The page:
February 15, 2019
Fifty students from the Master of Science in Occupational Therapy (M.S.O.T.) program recently traveled to Newton, Massachusetts, for a two-hour lab of learning, exploration and laughter at the Koomar Center.
This strong community-building experience enhanced the students’ participation in their lab course Children and Youth.
The Koomar Center is internationally recognized for its innovation, research, treatment, and evaluation of children, youth, and adults with sensory integration and sensory processing challenges.
During the visit students analyzed sensory integration equipment to determine which systems are targeted by each apparatus. They also learned how that sensory input relates to day to day function.
The students also experienced the sensory input themselves and learned from expert occupational therapists employed by the Koomar Center.
The trip provided deeper insight into the frame of reference of sensory integration and how goals in a clinic relate to function within natural settings. It also introduced students to both the Fidelity Measure for Ayres Sensory Integration and the Goal Attainment Scale.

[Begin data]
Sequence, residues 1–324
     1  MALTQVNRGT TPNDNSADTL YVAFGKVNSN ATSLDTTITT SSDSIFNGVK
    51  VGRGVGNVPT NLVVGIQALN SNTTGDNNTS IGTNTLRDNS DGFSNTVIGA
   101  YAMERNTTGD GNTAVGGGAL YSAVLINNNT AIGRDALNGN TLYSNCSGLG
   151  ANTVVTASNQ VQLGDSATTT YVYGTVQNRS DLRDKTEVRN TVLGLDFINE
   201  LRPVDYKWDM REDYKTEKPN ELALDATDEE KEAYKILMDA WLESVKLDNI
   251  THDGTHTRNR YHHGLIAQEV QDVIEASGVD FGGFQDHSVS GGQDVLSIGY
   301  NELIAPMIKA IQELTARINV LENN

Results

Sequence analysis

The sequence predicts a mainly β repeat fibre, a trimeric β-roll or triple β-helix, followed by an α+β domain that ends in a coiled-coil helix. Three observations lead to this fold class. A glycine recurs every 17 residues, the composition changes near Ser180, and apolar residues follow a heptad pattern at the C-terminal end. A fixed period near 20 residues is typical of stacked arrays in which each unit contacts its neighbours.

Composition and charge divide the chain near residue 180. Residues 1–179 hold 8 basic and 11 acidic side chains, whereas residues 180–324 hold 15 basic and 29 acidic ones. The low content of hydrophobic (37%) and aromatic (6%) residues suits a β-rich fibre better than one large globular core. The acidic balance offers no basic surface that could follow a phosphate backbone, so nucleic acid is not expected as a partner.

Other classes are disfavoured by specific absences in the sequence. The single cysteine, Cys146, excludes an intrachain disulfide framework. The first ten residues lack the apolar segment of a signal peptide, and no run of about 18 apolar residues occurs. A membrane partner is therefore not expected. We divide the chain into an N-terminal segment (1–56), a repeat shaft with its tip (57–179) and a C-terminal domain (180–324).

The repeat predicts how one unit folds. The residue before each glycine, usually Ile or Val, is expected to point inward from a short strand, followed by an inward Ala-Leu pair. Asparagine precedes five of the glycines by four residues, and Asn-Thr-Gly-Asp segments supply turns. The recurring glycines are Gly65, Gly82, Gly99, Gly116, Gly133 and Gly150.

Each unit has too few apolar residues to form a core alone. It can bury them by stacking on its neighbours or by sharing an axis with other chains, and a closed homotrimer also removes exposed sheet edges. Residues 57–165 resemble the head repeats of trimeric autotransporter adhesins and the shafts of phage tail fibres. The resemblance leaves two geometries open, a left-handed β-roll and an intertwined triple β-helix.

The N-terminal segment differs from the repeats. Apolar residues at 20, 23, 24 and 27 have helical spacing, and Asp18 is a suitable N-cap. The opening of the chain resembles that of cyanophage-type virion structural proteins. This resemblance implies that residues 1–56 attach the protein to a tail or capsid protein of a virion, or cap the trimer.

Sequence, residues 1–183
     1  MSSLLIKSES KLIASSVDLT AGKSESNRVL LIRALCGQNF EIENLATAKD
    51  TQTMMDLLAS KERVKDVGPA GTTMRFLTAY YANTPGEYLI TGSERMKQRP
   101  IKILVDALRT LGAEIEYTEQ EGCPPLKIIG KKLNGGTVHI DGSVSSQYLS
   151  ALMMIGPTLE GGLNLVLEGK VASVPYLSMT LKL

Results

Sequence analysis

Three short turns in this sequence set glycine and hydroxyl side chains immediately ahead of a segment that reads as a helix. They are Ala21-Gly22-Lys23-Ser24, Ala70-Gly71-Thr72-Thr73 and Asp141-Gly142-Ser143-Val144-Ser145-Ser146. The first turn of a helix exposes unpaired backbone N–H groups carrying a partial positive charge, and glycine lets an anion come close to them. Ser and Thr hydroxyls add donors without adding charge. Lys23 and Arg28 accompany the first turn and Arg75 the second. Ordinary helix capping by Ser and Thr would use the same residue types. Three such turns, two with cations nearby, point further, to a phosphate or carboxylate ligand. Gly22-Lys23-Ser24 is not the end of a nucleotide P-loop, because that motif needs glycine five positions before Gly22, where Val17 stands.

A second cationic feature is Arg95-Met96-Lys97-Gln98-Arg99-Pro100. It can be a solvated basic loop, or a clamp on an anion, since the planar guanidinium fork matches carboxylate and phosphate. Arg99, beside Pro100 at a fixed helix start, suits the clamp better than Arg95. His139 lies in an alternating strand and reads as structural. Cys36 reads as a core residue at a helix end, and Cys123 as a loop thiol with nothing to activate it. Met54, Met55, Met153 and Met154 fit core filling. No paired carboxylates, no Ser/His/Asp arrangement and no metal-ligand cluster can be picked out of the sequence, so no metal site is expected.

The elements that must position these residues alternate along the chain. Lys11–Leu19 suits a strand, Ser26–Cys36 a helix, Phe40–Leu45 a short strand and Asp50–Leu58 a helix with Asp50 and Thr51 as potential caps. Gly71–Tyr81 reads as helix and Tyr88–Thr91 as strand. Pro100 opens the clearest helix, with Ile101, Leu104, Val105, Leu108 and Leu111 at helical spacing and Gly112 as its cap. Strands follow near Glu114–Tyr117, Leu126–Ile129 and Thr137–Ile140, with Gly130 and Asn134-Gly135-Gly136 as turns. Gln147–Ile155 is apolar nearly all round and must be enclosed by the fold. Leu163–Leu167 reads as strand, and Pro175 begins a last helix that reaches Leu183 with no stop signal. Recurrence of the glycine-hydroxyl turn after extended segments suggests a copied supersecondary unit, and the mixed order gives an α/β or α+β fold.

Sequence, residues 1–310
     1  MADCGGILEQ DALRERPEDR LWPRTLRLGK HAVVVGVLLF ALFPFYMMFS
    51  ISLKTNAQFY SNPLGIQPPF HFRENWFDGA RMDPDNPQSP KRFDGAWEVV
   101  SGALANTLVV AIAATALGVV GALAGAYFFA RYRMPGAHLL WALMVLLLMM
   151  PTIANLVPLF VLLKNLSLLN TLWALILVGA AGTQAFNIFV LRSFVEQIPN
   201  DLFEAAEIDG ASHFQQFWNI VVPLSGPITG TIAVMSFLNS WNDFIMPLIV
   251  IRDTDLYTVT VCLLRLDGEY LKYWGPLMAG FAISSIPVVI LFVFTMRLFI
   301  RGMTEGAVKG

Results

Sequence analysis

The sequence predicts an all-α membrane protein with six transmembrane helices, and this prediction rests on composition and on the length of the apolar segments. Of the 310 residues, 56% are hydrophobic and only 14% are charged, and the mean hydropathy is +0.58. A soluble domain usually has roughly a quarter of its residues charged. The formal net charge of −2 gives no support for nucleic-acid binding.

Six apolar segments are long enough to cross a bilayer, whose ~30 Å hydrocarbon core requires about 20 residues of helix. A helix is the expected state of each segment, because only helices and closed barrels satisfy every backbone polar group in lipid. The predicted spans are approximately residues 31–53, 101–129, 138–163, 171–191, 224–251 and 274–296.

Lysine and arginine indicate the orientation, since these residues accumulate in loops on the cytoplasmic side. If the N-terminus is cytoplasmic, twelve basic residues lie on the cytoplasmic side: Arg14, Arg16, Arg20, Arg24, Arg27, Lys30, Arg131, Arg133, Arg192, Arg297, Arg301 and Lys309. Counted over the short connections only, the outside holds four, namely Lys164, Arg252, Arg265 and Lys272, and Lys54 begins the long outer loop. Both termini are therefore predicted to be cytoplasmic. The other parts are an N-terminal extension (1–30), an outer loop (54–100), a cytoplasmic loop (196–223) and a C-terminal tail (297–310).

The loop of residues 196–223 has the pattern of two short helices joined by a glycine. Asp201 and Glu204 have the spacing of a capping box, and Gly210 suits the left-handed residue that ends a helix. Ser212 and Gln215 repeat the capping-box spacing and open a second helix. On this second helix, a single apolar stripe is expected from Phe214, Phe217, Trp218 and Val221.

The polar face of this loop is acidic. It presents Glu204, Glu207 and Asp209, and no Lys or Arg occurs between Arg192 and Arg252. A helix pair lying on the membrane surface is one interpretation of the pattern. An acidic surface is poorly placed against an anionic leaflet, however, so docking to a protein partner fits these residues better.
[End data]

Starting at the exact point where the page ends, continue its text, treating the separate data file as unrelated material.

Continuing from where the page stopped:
The center is named for Jane Koomar, a leader, innovator, scholar and educator in the field of occupational therapy. She was a mentor to thousands of occupational therapy practitioners, as well as children and families. Koomar passed away from cancer in February 2013.
Her legacy is carried on through the work at the center and at the SPIRAL Foundation, the center’s non-profit research arm. The SPIRAL Foundation began in 2001 with a mission to increase understanding and acceptance of sensory integration and sensory processing dysfunction through education and research.
Koomar was a mentor for Elizabeth Crampsey, M.S., OTR/L, BCPR, assistant clinical professor in the UNE Occupational Therapy program, who led the field trip with adjunct faculty member Stacy Maguire, OTR/L.
The trip was made possible by the generous support of the Westbrook College of Health Profession’s dean’s office and the support of Kris Winston, Ph.D., OTR/L, M.S.O.T., program director.